Rava said: This matter was difficult for Rabba and Rav Yosef for twenty-two years without resolution, until Rav Yosef sat at the head of the academy and resolved it in the following manner: There, in the case of a rape, it is different, as the verse states: โ€œAnd the man who laid with her shall give the young womanโ€™s father fifty shekels of silverโ€ (Deuteronomy 22:29), from which it is inferred: The Torah entitled the father to this money only from the time of giving. Consequently, if the father dies before receiving the money, he does not bequeath his right to the money to his sons. Instead, the daughter is considered to take her fatherโ€™s place as the plaintiff, because she was the victim, and the money is paid to her.

ื•ื›ื™ ืงืืžืจ ืจื‘ื” ืžืžื•ื ื ื”ื•ื™ ืœื”ื•ืจื™ืฉื• ืœื‘ื ื™ื• ื‘ืฉืืจ ืงื ืกื•ืช

And when Rabba said that the fine imposed by a court is considered a regular monetary obligation with regard to oneโ€™s ability to bequeath it to his sons, he was not referring to this particular case of a rapist or seducer, but only to other fines, which do have the status of regular monetary obligations after the court delivers its verdict.

ืืœื ืžืขืชื” ื’ื‘ื™ ืขื‘ื“ ื“ื›ืชื™ื‘ ื›ืกืฃ ืฉืœืฉื™ื ืฉืงืœื™ื ื™ืชืŸ ืœืื“ื•ื ื™ื• ื”ื›ื™ ื ืžื™ ืœื ื–ื™ื›ืชื” ืชื•ืจื” ืœืื“ื•ืŸ ืืœื ืžืฉืขืช ื ืชื™ื ื” ื™ืชืŸ ืœื—ื•ื“ ื•ื ืชืŸ ืœื—ื•ื“

The Gemara asks: However, if that is so, that the verb โ€œgiveโ€ is explained in this manner, with regard to an ox that killed a slave, where it is written: โ€œHe shall give to their master thirty shekels of silverโ€ (Exodus 21:32), so too will you say that the Torah entitled the master only from the time of giving? The Gemara answers: โ€œShall give [yiten],โ€ is distinct, and โ€œshall give [venatan],โ€ is distinct. The first expression, which is stated with regard to an ox that killed a slave, does not indicate that the recipient acquires the right to the money only from the moment it is given, whereas the formulation employed in the case of rape does indicate that this is the case.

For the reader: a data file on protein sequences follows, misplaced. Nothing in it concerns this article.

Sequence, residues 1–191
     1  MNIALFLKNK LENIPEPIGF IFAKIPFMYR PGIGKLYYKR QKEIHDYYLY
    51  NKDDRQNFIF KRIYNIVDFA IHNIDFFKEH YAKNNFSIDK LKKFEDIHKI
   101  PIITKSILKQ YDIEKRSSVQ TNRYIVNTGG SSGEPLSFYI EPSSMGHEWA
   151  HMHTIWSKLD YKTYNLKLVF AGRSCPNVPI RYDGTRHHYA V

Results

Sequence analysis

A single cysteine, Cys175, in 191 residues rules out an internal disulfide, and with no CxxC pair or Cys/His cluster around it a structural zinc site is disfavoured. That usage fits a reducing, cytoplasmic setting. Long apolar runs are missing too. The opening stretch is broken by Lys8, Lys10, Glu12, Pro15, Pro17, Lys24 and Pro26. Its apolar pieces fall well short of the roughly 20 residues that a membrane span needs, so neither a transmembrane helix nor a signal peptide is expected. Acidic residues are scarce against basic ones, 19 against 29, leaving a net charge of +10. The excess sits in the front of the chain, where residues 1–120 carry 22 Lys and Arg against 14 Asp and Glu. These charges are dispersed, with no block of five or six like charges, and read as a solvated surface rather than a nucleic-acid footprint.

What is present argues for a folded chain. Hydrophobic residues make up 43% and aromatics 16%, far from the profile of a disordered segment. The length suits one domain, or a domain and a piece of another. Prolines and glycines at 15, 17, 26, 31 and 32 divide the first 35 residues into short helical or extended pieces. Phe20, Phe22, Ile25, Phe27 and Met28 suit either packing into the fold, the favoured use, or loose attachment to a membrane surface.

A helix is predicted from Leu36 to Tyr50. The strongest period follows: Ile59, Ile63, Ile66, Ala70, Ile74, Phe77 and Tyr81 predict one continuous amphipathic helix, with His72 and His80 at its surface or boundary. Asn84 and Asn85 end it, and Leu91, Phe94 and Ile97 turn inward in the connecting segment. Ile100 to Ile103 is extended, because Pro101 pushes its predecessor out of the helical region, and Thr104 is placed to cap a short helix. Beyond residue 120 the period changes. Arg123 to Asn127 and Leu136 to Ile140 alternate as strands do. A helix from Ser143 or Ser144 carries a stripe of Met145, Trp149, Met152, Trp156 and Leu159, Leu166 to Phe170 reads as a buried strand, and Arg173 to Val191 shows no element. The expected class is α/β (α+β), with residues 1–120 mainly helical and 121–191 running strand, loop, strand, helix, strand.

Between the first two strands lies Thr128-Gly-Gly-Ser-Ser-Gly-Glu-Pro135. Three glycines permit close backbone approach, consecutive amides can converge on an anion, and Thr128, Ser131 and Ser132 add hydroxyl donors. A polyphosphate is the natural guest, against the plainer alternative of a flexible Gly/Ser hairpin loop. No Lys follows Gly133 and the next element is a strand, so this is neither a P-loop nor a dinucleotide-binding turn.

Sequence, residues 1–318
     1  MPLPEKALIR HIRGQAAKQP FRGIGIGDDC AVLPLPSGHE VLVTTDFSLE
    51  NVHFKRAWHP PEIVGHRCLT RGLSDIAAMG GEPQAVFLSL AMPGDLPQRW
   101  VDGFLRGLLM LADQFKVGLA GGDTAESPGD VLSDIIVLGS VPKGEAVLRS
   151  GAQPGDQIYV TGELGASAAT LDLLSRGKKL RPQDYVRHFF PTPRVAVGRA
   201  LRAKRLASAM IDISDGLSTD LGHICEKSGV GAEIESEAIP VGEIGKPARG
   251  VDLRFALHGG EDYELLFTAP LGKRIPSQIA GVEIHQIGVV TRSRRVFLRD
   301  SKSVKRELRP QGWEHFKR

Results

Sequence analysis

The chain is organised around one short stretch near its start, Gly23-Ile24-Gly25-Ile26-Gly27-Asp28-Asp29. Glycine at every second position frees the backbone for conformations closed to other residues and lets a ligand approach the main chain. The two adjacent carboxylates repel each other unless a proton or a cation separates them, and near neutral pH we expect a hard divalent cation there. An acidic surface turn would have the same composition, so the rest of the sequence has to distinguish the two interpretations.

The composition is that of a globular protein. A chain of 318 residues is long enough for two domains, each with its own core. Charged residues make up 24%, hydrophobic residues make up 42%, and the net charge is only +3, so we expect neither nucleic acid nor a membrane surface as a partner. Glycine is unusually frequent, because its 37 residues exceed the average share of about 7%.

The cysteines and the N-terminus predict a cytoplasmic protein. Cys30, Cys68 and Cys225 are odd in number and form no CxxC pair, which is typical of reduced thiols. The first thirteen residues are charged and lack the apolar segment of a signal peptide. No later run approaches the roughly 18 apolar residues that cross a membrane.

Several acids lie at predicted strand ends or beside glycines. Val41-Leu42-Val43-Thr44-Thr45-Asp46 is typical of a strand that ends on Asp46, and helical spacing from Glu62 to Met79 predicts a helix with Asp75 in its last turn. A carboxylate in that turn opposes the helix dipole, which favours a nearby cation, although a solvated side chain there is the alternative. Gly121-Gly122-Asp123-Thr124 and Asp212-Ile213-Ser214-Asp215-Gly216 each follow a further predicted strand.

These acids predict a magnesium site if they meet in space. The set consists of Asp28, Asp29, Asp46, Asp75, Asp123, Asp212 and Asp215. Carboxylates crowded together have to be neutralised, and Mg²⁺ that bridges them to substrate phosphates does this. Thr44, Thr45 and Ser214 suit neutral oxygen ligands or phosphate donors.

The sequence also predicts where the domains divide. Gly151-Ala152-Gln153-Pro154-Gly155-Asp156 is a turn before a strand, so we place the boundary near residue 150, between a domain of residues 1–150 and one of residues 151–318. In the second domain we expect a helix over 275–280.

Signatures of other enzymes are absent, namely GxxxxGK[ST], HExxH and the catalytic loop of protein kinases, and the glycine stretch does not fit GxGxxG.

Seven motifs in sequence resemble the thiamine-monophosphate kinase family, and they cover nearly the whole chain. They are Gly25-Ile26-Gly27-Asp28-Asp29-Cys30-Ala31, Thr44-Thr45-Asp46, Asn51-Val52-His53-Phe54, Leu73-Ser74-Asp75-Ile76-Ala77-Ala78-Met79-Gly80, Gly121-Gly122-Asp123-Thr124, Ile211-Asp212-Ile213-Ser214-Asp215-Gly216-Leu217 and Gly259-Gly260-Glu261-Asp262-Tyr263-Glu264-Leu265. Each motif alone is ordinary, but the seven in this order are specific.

ืื™ ื”ื›ื™ ืชืœืžื•ื“ ืœื•ืžืจ ื•ื›ื—ืฉ ืชืœืžื•ื“ ืœื•ืžืจ ื•ื ืชืŸ ืžื™ื‘ืขื™ ืœื™ื”

The Gemara raises a difficulty: If so, that the main source for this halakha is the phrase โ€œshall give [venatan],โ€ when it was taught in the baraita that a man who rapes or seduces a woman is not liable to bring the offering for a false oath in denial of a monetary claim, rather than saying that this is derived from the fact that the verse states โ€œand deal falsely,โ€ he should have said that it is derived from the fact that the verse states โ€œshall give,โ€ as this is the phrase that teaches that the payment is considered a fine even after he has stood trial.

ืืžืจ ืจื‘ื ื›ื™ ืื™ืฆื˜ืจื™ืš ื•ื›ื—ืฉ ื›ื’ื•ืŸ ืฉืขืžื“ื” ื‘ื“ื™ืŸ ื•ื‘ื’ืจื” ื•ืžืชื” ื“ื”ืชื ื›ื™ ืงื ื™ืจื™ืช ืื‘ื™ื” ืžื™ื ื” ื“ื™ื“ื” ืงื ื™ืจื™ืช